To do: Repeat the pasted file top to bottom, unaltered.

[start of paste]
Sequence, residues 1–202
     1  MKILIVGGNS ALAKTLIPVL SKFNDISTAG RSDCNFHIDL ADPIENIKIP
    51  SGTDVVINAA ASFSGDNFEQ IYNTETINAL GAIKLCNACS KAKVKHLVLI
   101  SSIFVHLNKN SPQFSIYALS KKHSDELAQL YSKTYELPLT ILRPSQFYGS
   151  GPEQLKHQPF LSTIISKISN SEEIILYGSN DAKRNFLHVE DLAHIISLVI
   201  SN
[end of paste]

Sequence, residues 1–202
     1  MKILIVGGNS ALAKTLIPVL SKFNDISTAG RSDCNFHIDL ADPIENIKIP
    51  SGTDVVINAA ASFSGDNFEQ IYNTETINAL GAIKLCNACS KAKVKHLVLI
   101  SSIFVHLNKN SPQFSIYALS KKHSDELAQL YSKTYELPLT ILRPSQFYGS
   151  GPEQLKHQPF LSTIISKISN SEEIILYGSN DAKRNFLHVE DLAHIISLVI
   201  SN